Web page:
Personally I’m still going through that process. I don’t know if people ever stop, once they start! To me, once you’re aware that not everything is as it first seems, it might just set you up for a lifetime of living an examined life. Some things will get resolved (for me, my homosexuality is a firmly answered question), but there will always be something else that crops up and needs to be examined. We ain’t perfect.

Oh, and I’ve also learnt in the last 18 months that gay men come in all personality types, from ‘quite stereotypical’ to ‘wouldn’t have picked it in a million years’. And so do Christians, for that matter.

Joined in 2008
September 3, 2008, 16:52

A/S/L? you may need to explain that for some people on the forum.

A/S/L stands for AGE/SEX/LOCATION, its some ye olde internet chat lingo, from the days when ICQ was big πŸ™‚

Thanks for the responses, it looks like you have some good insights

It seems like much more fun to discover your identity and what it is you like and dont like about being gay and the gay community than it would be to go “shopping” for one.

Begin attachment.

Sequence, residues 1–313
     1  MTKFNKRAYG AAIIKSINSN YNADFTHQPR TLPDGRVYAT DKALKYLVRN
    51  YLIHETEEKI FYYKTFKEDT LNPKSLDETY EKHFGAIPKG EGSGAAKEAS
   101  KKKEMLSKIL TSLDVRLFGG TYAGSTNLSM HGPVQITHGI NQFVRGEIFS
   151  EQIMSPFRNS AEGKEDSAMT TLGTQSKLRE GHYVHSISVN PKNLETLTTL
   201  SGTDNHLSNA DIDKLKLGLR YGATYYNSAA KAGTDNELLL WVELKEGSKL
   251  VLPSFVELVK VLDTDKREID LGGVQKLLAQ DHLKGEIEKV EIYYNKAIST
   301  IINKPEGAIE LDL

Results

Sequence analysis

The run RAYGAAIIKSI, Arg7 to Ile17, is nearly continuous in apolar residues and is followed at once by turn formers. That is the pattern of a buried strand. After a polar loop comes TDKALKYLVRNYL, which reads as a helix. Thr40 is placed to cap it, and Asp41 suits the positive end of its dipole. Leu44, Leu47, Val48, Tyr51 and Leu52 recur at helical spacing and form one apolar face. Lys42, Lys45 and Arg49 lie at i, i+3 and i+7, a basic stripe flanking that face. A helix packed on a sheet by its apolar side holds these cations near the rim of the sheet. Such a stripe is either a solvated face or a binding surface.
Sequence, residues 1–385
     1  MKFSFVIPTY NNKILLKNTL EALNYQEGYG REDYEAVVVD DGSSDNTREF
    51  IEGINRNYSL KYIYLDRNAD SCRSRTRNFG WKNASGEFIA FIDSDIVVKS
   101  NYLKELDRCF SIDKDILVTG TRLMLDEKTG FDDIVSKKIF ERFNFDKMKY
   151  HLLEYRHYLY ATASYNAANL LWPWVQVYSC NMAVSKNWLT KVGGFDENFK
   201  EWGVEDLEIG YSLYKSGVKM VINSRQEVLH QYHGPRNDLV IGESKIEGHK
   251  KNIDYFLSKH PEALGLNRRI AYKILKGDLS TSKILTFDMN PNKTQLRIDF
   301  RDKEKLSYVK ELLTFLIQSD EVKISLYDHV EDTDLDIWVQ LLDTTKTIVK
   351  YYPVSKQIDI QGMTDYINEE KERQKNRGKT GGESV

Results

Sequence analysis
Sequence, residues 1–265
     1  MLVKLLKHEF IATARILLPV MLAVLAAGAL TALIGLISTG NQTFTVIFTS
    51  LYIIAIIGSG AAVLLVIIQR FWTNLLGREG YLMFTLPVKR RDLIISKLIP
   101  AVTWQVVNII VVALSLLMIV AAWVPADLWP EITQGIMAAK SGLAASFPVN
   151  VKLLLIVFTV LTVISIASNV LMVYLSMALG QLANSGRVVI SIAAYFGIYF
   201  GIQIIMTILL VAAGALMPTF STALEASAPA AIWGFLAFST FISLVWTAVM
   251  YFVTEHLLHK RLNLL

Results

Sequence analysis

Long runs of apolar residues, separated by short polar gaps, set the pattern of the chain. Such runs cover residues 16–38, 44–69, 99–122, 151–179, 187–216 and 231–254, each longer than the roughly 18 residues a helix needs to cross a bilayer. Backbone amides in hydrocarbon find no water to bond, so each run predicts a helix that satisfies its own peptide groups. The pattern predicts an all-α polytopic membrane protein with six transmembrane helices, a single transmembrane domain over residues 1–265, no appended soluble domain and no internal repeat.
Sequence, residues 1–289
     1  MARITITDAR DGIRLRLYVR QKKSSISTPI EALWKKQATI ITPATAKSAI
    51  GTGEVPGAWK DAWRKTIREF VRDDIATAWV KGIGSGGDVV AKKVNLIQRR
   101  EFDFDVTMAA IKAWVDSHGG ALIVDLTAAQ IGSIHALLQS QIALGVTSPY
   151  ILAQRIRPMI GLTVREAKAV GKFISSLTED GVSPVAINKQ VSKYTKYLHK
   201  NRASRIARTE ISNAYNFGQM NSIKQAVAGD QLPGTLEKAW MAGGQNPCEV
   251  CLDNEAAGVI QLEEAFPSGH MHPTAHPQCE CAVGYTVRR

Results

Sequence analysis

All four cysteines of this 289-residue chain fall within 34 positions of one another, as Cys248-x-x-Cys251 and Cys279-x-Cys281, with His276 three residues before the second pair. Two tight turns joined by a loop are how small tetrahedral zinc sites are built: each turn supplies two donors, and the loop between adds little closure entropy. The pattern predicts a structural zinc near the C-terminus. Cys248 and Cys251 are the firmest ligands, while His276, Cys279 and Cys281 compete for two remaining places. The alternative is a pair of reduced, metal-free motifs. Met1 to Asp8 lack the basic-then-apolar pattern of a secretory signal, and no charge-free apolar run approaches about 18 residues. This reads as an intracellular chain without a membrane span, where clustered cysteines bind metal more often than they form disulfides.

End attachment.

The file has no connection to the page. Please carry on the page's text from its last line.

That does sound like more fun, unfortunately it seems I have too much of a restrained mechanical view of life.. possibly a result of years spent trying to work everything out and live a certain way, keeping aspects of who I actually am hidden and at the same time acting like I should be expected to act, as a hetero male christian.

another thing Sandy, can I get points too for using ‘consolidation’ in my topic heading? πŸ˜€

To me, once you’re aware that not everything is as it first seems, it might just set you up for a lifetime of living an examined life. Some things will get resolved (for me, my homosexuality is a firmly answered question), but there will always be something else that crops up and needs to be examined.

I kinda figured this in the back of mind, that identity is a lifelong process.. that as you get older you learn more about yourself, others and the world we live in.